This event really is directed towards Srila Vyasadeva, thus in some sampradayas they refer to Guru Purnima as Vyasa Purnima. Traditionally it is the day when the guru is worshiped.
In the book Festivals, Fairs and Fasts of India (Shakti M Gupta. 1991. Clarion books. page 88-89.) It says: Guru Purnima “……is observed on the full moon day in the month of Ashadha in honour of the sage Vyasa, by keeping a fast, worshiping him for His blessings and to gain wisdom. Formerly on this day, gurus who were the traditional teachers, were honored by their pupils.
The river Beas is believed to have been so named as Vyasa practiced penance on its banks and compiled the four Vedas, the Mahabharat and the Eighteen Purana there. Since it is not possible for one man to have compiled so much in his life-time, and oer a tim span of a hundred years, it is believed that the name Vyasa must have been applied to many sages. Generally speaking, the name Veda Vyasa is applied to Krishna Dwaipayana who was the son of Satyavati and the sage Parasa – this is before Satyavati married King Shantanu of Mahabharata fame.”
Some Brief Information About Srila Vyasadeva:
“When the second millenium (‘Dwarpa Yuga’) overlapped the third (‘Treta Yuga’), the great sage Srila Vyasadeva was born to Parasara Muni in the womb of Satyati, the daughter of Vasu (the fisherman).” (Srimad Bhagavatam 1:4:14.).
The following is the story that we just touched upon mentioning how Srila Vyasa came to make His appearance.
“He is known as Krsna, Krsna-dvaipayana, Dvaipayana, Satyavati-suta, Parasarya, Parasaratmaja, Badarayana, Vedavyasa, etc. He was the son of Mahamuni Parasara in the womb of Satyavati prior to her betrothal with Maharaja Santanu, the father of the great general Grandfather Bhismadeva. He is a powerful incarnation of Narayana, and he broadcasts the Vedic wisdom to the world. As such, Vyasadeva is offered respects before one chants the Vedic literature, especially the Puranas. Sukadeva Gosvami was his son, and rsis like Vaisampayana were his disciples for different branches of the Vedas. He is the author of the great epic Mahabharata and the great transcendental literature Bhagavatam. The Brahma-sutras — the Vedanta-sutras, or Badarayana-sutras — were compiled by him. Amongst sages he is the most respected author by dint of severe penances. When he wanted to record the great epic Mahabharata for the welfare of all people in the age of Kali, he was feeling the necessity of a powerful writer who could take up his dictation. By the order of Brahmaji, Sri Ganesaji took up the charge of noting down the dictation on the condition that Vyasadeva would not stop dictation for a moment. The Mahabharata was thus compiled by the joint endeavor of Vyasa and Ganesa.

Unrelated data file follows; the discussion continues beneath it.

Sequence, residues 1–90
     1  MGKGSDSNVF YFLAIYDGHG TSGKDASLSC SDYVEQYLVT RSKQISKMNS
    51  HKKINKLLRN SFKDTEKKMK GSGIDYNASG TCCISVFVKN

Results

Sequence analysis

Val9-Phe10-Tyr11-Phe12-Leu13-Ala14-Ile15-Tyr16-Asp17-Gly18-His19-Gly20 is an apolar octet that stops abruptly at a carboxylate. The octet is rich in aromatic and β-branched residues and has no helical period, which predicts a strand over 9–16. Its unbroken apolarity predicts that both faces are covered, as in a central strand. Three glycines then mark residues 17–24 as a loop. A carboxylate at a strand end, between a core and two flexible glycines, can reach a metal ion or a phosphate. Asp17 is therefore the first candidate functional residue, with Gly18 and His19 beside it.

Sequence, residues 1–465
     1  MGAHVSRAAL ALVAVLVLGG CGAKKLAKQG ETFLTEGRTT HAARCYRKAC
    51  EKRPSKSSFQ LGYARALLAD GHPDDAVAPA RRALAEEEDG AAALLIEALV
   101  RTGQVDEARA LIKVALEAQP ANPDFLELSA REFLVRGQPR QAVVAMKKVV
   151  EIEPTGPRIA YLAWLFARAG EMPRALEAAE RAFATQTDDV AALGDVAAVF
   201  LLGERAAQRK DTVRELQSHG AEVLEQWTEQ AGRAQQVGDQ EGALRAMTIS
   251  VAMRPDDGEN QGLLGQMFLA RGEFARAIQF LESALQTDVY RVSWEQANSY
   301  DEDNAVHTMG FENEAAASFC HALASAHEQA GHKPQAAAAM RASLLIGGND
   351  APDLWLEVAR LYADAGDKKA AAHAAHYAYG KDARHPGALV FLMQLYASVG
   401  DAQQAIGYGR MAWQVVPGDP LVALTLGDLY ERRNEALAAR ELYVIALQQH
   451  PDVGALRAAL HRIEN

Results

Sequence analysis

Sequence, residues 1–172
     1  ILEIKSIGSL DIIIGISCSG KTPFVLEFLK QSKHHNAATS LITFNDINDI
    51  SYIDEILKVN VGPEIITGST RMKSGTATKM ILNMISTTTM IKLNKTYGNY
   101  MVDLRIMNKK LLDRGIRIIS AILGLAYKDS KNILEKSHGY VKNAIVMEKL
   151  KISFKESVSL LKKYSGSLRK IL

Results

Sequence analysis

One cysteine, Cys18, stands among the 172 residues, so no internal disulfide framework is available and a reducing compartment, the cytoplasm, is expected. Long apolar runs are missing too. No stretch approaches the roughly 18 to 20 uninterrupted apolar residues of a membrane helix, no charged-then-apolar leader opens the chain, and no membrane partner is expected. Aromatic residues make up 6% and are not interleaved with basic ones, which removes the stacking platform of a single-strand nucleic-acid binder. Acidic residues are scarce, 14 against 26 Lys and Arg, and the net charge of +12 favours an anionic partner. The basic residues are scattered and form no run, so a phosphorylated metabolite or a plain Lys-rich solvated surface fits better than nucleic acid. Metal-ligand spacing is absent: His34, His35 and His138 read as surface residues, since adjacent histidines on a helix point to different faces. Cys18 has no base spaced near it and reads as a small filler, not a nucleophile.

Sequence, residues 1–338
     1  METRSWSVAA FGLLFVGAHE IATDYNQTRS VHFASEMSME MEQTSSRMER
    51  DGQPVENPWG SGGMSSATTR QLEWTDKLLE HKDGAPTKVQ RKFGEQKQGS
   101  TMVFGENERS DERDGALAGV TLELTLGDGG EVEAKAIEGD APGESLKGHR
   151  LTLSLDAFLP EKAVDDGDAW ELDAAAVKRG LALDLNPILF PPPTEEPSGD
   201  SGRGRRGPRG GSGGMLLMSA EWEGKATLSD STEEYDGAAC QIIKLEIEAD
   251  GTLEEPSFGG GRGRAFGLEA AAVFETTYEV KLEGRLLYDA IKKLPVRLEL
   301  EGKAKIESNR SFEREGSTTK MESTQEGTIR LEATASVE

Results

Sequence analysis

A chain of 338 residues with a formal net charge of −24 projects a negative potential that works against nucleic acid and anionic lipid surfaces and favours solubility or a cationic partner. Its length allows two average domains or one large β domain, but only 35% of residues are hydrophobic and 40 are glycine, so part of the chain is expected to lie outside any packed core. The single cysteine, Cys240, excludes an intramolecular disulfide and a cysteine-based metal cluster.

By the order of his mother, Satyavati, who was later married to Maharaja Santanu, and by the request of Bhismadeva, the eldest son of Maharaja Santanu by his first wife, the Ganges, he begot three brilliant sons, whose names are Dhrtarastra, Pandu and Vidura. The Mahabharata was compiled by Vyasadeva after the Battle of Kuruksetra and after the death of all the heroes of Mahabharata. It was first spoken in the royal assembly of Maharaja Janamejaya, the son of Maharaja Pariksit.” (SB 1.9.6-7 Purport)
“The great sage, Srila Vyasa who was fully equipped with knowledge, could see through his transcendental vision the deterioration of everything material, due to the influence of the age. He could also see that the faithless people in general would be reduced in duration of life and would be impatient due to lack of goodness. Then he contemplated for the welfare of men in all statuses and orders of life. He saw that the sacrifices mentioned in the Vedas were means by which people’s occupations could be purified, and to simplify the process, he divided the one Veda into four, in order to expand them among men. The four divisions of the original sources of knowledge (the Vedas) were made separately, but historical facts and authentic stories mentioned in the Puranas are called the fifth Veda.”(Srimad Bhagavatam 1:4:17-20.).
How to Observe Guru Purnima
Traditionally in hindu culture there is puja and worship performed on this day because this day is also used to commemorate one’s own guru. However, Srila Prabhupada has given us a very practical way to worship the guru and Srila Vyasadeva as well.
1. Chanting the Hare Krishna Maha Mantra. Srila Vyasadeva has written in Srimad Bhagavatam:
“My dear King, although Kali-yuga is full of faults, there is still one good quality about this age: simply by chanting the Hare Krsna maha-mantra, one can become free from material bondage and be promoted to the transcendental kingdom.” (SB 12.3.51)
We can all take part in the chanting of Hare Krishna on beads and in groups and it doesn’t cost us anything, only a little time and having the will to do it. However, the benefits are unlimited!
2. Reading Srimad Bhagavatam and other literature presented by Srila Vyasadeva. Our ISKCON is the world’s leading publisher of books based on the ancient Vedas of India and these books are very accessible to everyone either in print or electronically. Therefore we should spend some time reading books like Srimad Bhagavatam and Bhagavad Gita and also apply that knowledge in our lives in a practical way.